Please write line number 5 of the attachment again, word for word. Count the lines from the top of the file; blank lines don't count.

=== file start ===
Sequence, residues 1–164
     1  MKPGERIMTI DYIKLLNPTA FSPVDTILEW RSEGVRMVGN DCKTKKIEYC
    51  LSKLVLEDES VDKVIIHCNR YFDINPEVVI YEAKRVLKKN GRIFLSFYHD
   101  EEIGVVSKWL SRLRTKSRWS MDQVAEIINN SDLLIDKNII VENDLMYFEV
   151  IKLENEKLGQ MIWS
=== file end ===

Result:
   151  IKLENEKLGQ MIWS